Evidence provided for the structured approach to image selection (using Adobe Lightroom’s ‘Slideshow’ feature.  Various collections were created with different images, in different orders before settling on the final edit.  In this way the images can be dragged and dropped around to instantly see the effect.  This was one of several approaches suggested by my tutor in previous feedback).
 
I learned that it was interesting to note how small changes can have a big impact. For example, images 4 and 5 were originally the other way round.  When viewing in sequence this created the impression of them looking ‘away’ from each other rather than ‘towards’. Swapping them around deepened the sense of community between the individuals even though they are not on the same photograph.  As stand-alone images, not in a set, this would of course be irrelevant.
 
 

Demonstration of creativity

At one level this is just event photography, in a similar way to how many other weddings, celebrations and other events are recorded every day.  But I felt like I was taking a risk here due to the high sensitivity of the occasion and emotions involved, high level of public/media interest in the story and potential to embarrass my partner had anything gone wrong and – perhaps most significantly – the inability to reshoot any of the images should there be a problem.  This was a ‘one shot’ assignment.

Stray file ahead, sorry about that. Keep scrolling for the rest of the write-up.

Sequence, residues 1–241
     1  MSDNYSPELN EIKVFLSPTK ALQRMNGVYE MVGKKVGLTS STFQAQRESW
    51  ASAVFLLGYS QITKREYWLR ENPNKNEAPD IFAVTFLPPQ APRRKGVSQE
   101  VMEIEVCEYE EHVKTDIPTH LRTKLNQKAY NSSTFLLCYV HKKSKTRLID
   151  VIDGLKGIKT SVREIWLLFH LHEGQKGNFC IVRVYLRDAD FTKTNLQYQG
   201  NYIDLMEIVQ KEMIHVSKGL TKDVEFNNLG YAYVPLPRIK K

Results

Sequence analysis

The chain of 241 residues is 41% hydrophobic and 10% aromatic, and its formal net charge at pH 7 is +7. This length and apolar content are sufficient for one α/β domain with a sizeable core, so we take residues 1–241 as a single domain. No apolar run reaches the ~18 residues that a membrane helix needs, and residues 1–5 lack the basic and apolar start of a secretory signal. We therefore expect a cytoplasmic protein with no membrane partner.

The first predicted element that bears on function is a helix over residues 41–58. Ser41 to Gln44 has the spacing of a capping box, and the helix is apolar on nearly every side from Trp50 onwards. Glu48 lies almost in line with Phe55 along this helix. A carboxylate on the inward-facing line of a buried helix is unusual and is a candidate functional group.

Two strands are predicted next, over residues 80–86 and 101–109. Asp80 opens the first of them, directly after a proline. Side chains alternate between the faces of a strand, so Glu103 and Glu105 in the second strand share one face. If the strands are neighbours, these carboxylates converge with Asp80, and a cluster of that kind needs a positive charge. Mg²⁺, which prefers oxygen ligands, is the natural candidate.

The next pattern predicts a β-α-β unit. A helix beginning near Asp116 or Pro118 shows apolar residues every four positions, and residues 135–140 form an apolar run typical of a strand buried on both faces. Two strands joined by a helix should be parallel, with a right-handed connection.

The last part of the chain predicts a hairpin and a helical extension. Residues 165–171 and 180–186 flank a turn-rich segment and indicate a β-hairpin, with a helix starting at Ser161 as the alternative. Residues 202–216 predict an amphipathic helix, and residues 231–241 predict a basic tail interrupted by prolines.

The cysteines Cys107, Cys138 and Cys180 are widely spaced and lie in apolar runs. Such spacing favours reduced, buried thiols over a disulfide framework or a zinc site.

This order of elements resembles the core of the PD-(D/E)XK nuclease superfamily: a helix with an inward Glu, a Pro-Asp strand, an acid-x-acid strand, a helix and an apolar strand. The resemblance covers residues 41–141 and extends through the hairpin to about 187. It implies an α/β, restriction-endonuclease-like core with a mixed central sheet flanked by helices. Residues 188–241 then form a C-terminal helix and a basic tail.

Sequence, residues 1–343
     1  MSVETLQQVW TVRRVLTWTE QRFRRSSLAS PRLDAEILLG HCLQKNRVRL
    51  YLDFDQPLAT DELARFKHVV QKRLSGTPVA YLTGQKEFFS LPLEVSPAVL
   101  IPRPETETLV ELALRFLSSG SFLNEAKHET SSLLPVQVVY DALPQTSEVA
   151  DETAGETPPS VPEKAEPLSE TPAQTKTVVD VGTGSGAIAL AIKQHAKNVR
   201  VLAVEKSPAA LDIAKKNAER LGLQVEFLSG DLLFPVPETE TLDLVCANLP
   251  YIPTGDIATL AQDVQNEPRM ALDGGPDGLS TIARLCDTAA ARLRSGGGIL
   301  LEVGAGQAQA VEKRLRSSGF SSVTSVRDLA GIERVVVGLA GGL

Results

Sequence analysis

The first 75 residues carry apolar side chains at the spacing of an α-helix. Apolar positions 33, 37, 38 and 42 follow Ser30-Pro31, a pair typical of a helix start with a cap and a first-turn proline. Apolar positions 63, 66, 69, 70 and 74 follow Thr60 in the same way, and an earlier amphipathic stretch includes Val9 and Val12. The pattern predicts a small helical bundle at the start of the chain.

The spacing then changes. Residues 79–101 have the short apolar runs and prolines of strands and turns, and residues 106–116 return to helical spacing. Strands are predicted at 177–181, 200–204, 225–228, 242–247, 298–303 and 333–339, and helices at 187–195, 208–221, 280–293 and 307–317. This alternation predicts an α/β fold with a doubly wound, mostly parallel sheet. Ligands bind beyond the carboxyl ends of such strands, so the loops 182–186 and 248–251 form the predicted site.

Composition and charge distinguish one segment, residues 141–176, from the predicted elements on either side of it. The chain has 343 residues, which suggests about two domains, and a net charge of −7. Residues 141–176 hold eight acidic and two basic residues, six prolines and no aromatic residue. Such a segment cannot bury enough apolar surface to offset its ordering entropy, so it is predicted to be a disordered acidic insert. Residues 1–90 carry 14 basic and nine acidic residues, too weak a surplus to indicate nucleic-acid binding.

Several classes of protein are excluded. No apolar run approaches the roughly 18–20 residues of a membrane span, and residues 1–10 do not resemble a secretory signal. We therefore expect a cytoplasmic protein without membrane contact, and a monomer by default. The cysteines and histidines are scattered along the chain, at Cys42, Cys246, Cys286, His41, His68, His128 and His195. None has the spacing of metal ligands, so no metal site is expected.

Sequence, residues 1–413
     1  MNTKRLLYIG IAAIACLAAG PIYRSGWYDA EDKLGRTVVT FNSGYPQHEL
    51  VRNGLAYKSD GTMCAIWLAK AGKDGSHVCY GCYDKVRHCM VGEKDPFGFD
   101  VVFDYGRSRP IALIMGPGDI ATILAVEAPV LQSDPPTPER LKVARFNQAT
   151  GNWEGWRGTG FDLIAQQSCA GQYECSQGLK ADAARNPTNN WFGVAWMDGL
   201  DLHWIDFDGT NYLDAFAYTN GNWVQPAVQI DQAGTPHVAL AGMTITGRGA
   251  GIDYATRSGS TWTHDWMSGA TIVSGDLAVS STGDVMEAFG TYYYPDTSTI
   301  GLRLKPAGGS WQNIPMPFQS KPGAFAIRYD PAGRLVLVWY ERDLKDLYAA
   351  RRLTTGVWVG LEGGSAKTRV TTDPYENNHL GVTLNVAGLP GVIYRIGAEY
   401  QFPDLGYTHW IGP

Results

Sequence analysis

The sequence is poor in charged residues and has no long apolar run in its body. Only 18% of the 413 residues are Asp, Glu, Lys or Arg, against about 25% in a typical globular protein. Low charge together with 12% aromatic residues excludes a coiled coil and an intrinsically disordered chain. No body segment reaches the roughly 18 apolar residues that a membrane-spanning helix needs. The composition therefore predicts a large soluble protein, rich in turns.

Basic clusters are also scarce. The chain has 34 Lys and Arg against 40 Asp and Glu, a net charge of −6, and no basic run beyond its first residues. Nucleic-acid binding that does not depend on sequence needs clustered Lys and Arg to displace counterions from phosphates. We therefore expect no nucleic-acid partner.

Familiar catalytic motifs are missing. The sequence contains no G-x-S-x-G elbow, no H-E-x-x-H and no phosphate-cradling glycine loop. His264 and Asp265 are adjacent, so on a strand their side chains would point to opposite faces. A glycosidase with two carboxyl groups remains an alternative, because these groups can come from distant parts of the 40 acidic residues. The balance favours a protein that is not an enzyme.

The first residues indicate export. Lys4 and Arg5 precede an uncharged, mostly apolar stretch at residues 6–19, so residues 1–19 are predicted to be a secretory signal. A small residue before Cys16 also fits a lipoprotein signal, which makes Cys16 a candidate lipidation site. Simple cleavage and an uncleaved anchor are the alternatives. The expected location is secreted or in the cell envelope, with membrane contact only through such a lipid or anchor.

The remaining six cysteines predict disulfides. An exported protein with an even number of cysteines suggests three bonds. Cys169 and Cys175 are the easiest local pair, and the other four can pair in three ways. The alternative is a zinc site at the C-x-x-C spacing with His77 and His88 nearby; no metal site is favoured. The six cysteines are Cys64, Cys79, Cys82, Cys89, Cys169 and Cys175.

Equally, I was confident that my interpretation of the event met all the assignment criteria for ‘Window’ so I abandoned earlier ideas in preference for this one.  I had to work hard to understand the approach these people were taking towards the death of a loved one and reflect this with sincerity.  With regards to the development of a personal voice, I’ve sought to express the two conflicting emotions in the room as I saw them, rather than this being any suggested ‘theme’ for the photographs by anyone else.  I’ve told my story of their story which has been all over the news.  I leave it for others to judge whether the two viewpoints are consistent.
 

 

Context

I’ve sought to demonstrate in this assignment how I have taken on board previous feedback and adapted my approach, especially around the use of my blog, confidence around people and taking a risk.  For example the breaking up of blog posts into separate posts to show the evolution of ideas over time (including the abandonment of ideas which I may one day return to).
 
I’m also being more succinct in my blog to make it easier for the tutor/assessor to read.  I now use a paper journal for ideas ‘on the fly’ then add this to my blog later.  Im finding that this allows me to ‘think around things’ more before committing them to the blog.